Or perhaps it was just all of that weather getting to me over the weekend, which in itself was full of highs and lows. Temperatures took a nosedive along the Tidal Potomac heading into Friday and they chased me all the way to my parents house in Fairmont. I thought spring had finally hit upon my arrival in Columbus, with "balmy" temperatures in the 60s and sunny skies greeting me. Returning to Fairmont, I hit a quagmire near the Pennsylvania state line on Saturday, and I departed Fairmont in snow on Sunday.
Not that you need to hear about all of that. The game itself was exciting, the atmosphere feverish, and the arena tight. Literally. The Nationwide Arena in Columbus, naturally, was hosting the first and second rounds of the NCAA men's basketball tournament. Value City Arena, the new on-campus home of the Ohio State Buckeye men's and women's basketball teams, was booked for the state high school girls basketball championships. That left old St. John Arena, the very tight, very vertical, very humid, very World War II-era field house on Woody Hayes Drive to host the first two rounds of the NCAA women's basketball tournament. Not very fan-friendly, but a great place to watch a tournament game involving the Buckeyes.
Yes, I've had my fill of the color red for a few months. The rafters may have been empty, but the lower sections of the arena were a sea of enthusiastic red Buckeyes. It was truly the best home team support I've ever personally experienced for a women's basketball game. True, I have not yet traveled to Storrs, but these fans deserve credit. They loudly cheered on a great effort by the home team, while remaining almost too polite with the visitors, and quite a few of them even stuck around for the second game of the doubleheader, naturally cheering on the underdog team from Eastern Michigan.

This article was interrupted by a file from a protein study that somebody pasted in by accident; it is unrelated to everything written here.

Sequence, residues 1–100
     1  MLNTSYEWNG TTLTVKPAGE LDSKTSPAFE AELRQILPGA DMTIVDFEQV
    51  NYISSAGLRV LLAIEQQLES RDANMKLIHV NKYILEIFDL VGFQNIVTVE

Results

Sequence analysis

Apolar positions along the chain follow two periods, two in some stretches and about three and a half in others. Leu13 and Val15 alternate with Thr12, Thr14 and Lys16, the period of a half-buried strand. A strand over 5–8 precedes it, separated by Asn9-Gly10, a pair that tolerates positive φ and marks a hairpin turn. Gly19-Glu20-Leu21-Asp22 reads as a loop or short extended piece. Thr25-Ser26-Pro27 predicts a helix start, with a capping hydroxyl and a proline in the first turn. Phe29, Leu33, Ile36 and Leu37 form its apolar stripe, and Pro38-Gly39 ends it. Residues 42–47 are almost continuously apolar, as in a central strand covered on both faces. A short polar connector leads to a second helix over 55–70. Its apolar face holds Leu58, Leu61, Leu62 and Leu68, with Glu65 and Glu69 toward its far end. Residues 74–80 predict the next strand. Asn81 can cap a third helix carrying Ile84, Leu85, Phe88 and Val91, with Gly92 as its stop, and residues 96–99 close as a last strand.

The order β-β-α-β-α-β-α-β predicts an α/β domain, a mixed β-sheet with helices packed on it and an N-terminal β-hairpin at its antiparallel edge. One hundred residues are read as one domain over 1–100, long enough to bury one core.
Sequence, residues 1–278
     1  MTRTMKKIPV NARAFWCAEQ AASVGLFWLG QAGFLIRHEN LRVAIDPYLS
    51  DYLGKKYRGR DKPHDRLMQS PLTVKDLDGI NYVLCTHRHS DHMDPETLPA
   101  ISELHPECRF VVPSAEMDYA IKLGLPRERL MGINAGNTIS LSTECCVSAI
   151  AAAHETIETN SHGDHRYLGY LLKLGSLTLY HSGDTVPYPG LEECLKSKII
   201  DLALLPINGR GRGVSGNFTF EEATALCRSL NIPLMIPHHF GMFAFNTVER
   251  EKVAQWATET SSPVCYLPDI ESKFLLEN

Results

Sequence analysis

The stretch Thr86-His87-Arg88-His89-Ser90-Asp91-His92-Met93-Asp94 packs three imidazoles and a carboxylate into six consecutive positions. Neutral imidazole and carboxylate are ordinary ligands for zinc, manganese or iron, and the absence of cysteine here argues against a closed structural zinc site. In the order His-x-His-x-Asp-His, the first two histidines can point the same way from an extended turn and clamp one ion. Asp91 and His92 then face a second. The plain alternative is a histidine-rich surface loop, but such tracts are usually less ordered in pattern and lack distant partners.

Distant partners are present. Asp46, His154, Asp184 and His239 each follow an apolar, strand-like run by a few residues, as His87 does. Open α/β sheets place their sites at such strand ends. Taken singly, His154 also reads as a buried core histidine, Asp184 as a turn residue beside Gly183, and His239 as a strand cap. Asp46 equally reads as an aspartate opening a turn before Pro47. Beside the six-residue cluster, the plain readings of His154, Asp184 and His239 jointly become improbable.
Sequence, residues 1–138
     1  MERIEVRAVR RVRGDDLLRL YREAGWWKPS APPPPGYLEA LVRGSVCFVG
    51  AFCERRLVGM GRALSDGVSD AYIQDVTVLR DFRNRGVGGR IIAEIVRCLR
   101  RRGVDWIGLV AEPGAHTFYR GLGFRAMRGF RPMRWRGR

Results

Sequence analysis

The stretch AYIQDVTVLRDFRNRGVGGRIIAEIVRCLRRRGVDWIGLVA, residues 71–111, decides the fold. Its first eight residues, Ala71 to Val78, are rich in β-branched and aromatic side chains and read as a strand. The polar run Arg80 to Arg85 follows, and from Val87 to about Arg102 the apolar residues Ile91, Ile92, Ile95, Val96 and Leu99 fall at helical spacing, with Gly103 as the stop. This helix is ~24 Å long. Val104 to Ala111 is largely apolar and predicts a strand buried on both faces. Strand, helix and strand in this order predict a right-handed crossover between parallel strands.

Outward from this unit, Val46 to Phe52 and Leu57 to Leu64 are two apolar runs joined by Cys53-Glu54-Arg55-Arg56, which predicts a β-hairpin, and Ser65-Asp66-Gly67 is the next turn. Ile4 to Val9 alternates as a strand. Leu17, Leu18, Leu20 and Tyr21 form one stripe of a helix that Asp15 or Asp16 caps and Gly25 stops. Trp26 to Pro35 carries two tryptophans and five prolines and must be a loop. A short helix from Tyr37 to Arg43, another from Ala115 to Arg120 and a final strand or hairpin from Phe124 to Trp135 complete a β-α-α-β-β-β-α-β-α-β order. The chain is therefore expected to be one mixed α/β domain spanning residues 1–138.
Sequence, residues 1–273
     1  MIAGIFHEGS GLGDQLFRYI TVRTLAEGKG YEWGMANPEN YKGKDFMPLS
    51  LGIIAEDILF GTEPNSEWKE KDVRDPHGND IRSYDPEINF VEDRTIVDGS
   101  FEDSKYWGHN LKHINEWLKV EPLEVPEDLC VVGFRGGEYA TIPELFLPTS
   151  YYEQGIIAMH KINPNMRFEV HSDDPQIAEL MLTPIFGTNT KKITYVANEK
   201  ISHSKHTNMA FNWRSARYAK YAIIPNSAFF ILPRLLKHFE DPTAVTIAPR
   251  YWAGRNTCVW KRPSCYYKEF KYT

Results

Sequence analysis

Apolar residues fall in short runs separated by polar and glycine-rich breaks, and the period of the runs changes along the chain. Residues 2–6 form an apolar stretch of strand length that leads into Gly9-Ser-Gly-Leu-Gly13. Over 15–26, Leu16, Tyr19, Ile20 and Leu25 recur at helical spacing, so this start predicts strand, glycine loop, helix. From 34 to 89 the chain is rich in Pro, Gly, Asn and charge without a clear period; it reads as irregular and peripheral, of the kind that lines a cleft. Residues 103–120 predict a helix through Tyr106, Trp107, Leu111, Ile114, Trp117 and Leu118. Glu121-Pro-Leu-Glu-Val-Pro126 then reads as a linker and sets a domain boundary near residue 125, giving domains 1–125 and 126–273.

West Virginia played a very good game from the outside, and Ohio State played a very good game from the inside. The game was as simple as that. In the end, the inside muscle of the Buckeyes prevailed over the Mountaineer three-point prowess. WVU just could not find an answer for the OSU post, while OSU was able to better cover the WVU sharpshooters in the second half. The crowd? As loud as they were, they weren't a factor. Of the many areas WVU has really grown in this season, I'd have to rank responding to the pressure of playing in front of hostile crowds (read: Storrs) near the top of the list.
Growing up, coming of age. That really sums up this year's team. I had great expectations entering the season, what with Meg Bulger joining her sister Kate on the squad and Ramika McGee and Yelena Leuchenka bringing some much-needed depth to the WVU post. But, before the season could get started, adversity had struck in a big way.
McGee, Leuchenka, and Bulger were all hit with injury. Adding insult to injury, Latitia Williams was suspended for a violation of team rules. This left the Mountaineers with just one true post player in Michelle Carter. To their credit, the Mountaineers somehow overcame this adversity to start the season 6-1, the lone loss coming to perennial contender Southwest Missouri State.